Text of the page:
New Study Shows Promise for Advancements in Canine Cancer Treatment
A new treatment spearheaded by the Virginia-Maryland College of Veterinary Medicine (VMCVM) has yielded promising results. It was announced that a first canine cancer patient is now cancer free after undergoing a new form of treatment.
The research team, led by Clinical Assistant Professor of Radiology Jeffrey Ruth, DVM, investigated focused ultrasound therapy techniques capable of noninvasively destroying tumors and stimulating a dog’s immune system to fight cancer. The team utilized a device developed by Theraclion, one that was originally intended for use in breast and thyroid treatments for humans.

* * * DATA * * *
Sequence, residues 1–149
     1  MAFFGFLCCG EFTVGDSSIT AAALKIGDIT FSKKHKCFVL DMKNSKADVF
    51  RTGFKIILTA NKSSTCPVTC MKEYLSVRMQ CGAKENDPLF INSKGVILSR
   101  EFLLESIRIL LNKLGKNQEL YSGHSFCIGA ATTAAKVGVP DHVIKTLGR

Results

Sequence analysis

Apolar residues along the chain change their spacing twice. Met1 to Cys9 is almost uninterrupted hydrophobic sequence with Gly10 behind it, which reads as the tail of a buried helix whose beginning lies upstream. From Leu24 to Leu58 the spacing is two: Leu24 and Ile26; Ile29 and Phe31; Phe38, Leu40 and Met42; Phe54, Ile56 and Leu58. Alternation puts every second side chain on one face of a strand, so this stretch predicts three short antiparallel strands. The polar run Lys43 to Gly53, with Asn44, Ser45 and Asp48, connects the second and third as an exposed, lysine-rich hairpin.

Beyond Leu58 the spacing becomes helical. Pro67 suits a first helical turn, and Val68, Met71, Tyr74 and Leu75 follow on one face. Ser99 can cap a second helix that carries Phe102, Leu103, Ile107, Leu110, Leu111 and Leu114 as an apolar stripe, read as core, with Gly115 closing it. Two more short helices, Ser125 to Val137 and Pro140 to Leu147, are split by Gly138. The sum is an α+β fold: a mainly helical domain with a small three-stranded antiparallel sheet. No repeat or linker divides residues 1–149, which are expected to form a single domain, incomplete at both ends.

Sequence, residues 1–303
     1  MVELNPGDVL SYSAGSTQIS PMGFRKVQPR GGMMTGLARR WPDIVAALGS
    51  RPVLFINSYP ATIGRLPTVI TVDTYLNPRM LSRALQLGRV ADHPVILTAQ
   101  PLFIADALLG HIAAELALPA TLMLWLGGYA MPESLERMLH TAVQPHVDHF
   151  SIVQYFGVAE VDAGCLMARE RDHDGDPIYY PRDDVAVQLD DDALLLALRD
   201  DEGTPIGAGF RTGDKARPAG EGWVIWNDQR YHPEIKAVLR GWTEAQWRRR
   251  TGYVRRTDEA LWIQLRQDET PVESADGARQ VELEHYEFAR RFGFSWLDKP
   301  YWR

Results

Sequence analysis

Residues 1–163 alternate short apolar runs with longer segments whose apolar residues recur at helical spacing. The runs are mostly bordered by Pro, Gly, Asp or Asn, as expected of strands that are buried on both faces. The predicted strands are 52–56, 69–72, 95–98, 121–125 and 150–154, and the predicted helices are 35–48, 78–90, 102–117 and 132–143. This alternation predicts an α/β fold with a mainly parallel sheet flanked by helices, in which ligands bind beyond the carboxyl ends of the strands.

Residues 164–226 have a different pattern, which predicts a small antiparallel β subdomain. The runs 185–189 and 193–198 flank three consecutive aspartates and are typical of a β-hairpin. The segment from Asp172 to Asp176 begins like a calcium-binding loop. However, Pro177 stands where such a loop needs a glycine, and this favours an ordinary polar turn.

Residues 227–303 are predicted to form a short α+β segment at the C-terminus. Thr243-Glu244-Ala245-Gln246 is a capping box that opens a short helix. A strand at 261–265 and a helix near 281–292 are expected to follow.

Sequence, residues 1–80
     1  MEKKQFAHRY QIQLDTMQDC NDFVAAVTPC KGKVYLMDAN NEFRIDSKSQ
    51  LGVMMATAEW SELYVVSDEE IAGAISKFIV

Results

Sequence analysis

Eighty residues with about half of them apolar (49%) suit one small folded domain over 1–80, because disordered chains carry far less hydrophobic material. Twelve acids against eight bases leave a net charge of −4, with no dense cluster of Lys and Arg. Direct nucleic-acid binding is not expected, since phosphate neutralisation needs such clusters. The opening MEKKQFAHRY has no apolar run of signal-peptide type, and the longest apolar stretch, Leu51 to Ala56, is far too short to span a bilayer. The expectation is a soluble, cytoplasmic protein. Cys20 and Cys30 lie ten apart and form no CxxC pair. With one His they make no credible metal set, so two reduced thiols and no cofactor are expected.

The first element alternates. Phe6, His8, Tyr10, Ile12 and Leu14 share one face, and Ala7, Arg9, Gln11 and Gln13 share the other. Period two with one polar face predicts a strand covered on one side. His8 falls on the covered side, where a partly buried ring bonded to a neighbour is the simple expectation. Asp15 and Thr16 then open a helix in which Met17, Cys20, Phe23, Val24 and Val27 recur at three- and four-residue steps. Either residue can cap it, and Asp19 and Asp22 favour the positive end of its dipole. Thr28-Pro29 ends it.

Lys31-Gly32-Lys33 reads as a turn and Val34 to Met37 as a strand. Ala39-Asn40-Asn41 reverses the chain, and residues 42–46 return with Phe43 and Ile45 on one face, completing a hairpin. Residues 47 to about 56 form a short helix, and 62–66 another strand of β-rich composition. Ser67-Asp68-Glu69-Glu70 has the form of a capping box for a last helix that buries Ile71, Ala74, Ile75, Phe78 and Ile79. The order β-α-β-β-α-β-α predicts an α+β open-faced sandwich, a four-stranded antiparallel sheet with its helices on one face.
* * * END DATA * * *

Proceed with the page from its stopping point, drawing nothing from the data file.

The device, Echopulse®, was easily adapted for veterinary treatment due to its versatile robotic design.
“These canine tumors tend to occur on the limbs and may recur if they are not entirely removed. As a result, often amputation is required,” said Dr. Ruth. “It is our hope that focused ultrasound will add to current treatment options by providing a way to non-invasively ablate the mass and also trigger an anti-tumor immune response.”
The teams at Theraclion and VMCVM are determined to build on the success of this case.
For more information on the case, click here.